Home > Content > HbbTV: Free-To-Air Internet TV To Hit ‘May’

HbbTV: Free-To-Air Internet TV To Hit ‘May’

Freeview, will go live with HbbTV, Hybrid Broadcast Broadband TV service in May, AFR reports  

The technology will allow TV networks like Seven and Nine to deliver programs and new content over both broadcast and the internet. 

It will launch under the name Freeview Plus, according to the report. 

It means Smart TV viewers will now be able to watch and catch up TV, access new channels on demand, and other subscription content, and purchase items seen in shows (think Better Home and Gardens) and recommendations to viewers, all via the internet. 

Free-to-air TV networks are coming up against competition from streaming services and cheap internet TV offerings from Foxtel, Fetch TV, but being able to offer a slew of new IPTV channels would be a massive revenue earner. 

TV majors like Sony and Samsung are areas said to be readying Hbb TV’s sets for the Aussie market and viewers will be able to press a button on their Smart TV set to activate the internet TV service. 

However, a Freeview representative dismissed the reported May launch as “pure speculation” and says it will be making an announcement about the rollout in the first week in March.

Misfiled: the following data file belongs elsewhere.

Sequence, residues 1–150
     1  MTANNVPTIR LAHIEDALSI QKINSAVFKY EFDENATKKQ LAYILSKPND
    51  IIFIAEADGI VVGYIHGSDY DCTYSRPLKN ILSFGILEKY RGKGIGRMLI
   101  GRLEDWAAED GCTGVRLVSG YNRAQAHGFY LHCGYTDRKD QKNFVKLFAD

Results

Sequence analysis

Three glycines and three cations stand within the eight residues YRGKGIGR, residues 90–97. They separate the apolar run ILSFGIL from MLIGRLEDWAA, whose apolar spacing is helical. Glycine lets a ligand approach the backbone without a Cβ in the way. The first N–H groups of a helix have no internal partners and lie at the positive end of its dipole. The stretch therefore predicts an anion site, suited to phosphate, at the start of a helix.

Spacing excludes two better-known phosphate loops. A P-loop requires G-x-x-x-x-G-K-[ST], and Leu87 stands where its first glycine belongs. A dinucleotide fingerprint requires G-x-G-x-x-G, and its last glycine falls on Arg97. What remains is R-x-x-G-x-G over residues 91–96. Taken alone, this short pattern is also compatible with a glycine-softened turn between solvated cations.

At CES 2014, several vendors showed TV’s and PVR’s with Hbb TV technology, including Samsung and LG. Hbb-ready devices are widely available in Europe and Asia. 

Hitachi are currently selling Hbb TV’s in Australia as are Humax with their new line of DVR’s. 
Channel Seven, leaders in the IPTV space, last month launched MeTV, an online health channel offering streamed and on-demand content via the Plus7 app, in partnership with Brand New Media. 

The IPTV channel is still building up a following but as soon as HbbTV comes into play this year, it will take off, a spokesperson said. 

Its a “massive opportunity” and will bring Aussie viewers on board to watching Internet TV on their Smart TV, given that content is a bit thin on the ground, currently. 
MeTV already launched a channel in Asia which has “gone off” among tech savvy viewers there. 

Analysts Deloitte also say HbbTV Measurement, due to emerge in 2014, will boost networks ad dollars, as it will count those watching TV on tablets and smartphones. 

“Hybrid measurement enables viewing on PCs, tablets and smartphones to be counted, and so picks up TV consumption, particularly among younger age groups, who are more likely to watch TV on these devices,” says Deloitte national media partner Clare Harding

“These viewers have almost certainly been under-counted to date, which has not been good for the US$200 billion TV advertising market.”